6. Tuscany is literally more Tuscany-y than any painting, photography, or video footage you’ve ever seen.

Have you seen the film Under the Tuscan Sun, or the heaven sequences in Gladiator (which were shot mere kilometers from our villa)? Have you seen photographs or paintings of Tuscany? The scenes are breathtaking; right?

Those images don’t do justice to the beauty of the Tuscan landscape and architecture. It’s true: Tuscany is literally more Tuscany-y any image you’ve seen.

7. We could learn a lot from people of Tuscany.

We stayed in the quaint village of Castelmuzio a few kilometers from Pienza. The people of Castelmuzio were kind, hospitable, authentic, and eager to serve. They smiled as we passed them on the street, sat next to us on the benches overlooking the countryside, and did their best to bridge the language gap with kind eyes and heartfelt ciaos. The waitress at the local restaurant served us as if it were her honor, suffered our broken Italian with a smile. Our trip coordinator, Isabella, helped us understand the local culture, and provided us with lavish meats, cheeses, snacks, olive oils, and beverages from the region.

And if their hospitality were not enough to win me over, the people of Castelmuzio took deep pride in their community. We saw elderly women sweeping their front stoops, children carrying trash to the strategically placed receptacles, and men carrying garbage to well-hidden dumpsters. The residents hung beautiful linen window treatments, and placed flowers in terracotta pots by their doors. Their gardens and courtyards smelled of lavendar and jasmine.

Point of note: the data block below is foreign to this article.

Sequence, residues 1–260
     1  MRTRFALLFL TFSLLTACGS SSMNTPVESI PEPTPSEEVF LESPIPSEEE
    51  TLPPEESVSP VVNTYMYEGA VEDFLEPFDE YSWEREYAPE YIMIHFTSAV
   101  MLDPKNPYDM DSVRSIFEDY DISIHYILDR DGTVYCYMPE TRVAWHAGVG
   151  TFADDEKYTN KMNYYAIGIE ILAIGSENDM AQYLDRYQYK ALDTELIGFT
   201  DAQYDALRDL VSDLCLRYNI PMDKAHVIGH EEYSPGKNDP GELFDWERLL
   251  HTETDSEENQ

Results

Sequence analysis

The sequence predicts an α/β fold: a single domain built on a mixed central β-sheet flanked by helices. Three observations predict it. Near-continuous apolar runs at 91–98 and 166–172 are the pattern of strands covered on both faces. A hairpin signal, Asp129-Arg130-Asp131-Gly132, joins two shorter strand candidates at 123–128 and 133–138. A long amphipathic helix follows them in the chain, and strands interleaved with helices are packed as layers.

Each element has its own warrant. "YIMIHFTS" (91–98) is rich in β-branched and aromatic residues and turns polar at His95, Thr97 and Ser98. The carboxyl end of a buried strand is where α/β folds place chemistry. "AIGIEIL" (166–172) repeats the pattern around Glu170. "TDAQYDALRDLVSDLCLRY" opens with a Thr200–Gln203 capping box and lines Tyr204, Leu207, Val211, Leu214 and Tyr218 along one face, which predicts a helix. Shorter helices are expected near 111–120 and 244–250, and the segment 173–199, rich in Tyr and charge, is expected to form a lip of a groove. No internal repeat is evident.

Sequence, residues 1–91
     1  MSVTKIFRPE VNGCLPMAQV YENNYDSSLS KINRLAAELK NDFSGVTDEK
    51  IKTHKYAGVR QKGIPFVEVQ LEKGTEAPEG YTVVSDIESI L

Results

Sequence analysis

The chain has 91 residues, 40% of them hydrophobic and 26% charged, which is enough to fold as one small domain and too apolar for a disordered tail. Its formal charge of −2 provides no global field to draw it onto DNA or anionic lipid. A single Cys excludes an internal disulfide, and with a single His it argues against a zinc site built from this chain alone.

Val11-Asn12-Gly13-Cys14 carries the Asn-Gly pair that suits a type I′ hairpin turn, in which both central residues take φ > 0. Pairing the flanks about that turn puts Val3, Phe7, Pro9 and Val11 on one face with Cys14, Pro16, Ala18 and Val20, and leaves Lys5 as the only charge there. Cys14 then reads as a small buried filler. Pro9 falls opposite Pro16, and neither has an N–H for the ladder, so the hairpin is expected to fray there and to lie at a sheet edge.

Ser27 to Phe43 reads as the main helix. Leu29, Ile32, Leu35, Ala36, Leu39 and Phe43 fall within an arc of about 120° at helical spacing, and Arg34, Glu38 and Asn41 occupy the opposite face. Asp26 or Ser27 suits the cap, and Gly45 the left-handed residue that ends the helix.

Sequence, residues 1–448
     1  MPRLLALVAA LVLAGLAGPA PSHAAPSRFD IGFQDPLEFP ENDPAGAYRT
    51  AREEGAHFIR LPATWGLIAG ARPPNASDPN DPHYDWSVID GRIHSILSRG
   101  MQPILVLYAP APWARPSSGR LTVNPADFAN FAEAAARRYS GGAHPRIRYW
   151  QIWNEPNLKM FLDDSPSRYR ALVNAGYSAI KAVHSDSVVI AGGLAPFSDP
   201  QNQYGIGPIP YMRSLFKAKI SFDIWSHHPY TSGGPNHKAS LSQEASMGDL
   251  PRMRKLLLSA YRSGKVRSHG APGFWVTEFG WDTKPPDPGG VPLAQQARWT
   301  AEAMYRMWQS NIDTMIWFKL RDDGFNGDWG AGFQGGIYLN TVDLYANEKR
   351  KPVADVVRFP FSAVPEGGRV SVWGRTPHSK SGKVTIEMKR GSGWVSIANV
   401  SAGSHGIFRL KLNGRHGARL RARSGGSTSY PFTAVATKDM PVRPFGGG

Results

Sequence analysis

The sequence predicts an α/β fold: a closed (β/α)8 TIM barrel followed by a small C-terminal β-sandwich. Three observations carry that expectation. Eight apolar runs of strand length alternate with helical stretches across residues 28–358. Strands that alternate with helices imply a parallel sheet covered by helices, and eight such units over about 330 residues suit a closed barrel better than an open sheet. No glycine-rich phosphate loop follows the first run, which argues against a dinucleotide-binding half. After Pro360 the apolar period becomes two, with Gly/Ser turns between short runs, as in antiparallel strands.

The town was squeaky clean, a pristine gem hidden in the countryside. “The people take pride in their homes,” Isabella, our coordinator from Le Casine Di Castello told us. “They believe what they have is a gift.”

This is the gift they gave to us.

Yes, the people of the Tuscan countryside are worthy of imitation. They made me pine for my own small, connected, hospitable ideal, made me believe that community can cooperate in gratitude.

We could learn a lot from these good people.

 

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No… Sleep… ‘Til FLORENCE!

Like I said on Wednesday, it’s been nearly fifteen years, and I still like my lady. In fact, I like her so much that we’ve decided to scoot out of the country for a bit of a holiday. (Doesn’t that sound so European?) In the modified words of the Beastie Boys, “No… Sleep… ‘Til FLORENCE!”

 

We’re bugging out, and I won’t be around for a while. In the meantime, though, follow our shenanigans on my Facebook page (and give it the old thumbs up while you’re there), where I’ll be posting a few stories, photos, and perhaps a poem or two.

I’ll see you in a week or so!

Photo by John Rawlinson, Creative Commons via Flickr.

And while you’re here, you might as well enjoy so good tunes. Check out Joe Purdy’s album, Paris in the Morning.

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15 Things You Might Not Care To Know About Our Dating Years, But Here You Are Anyway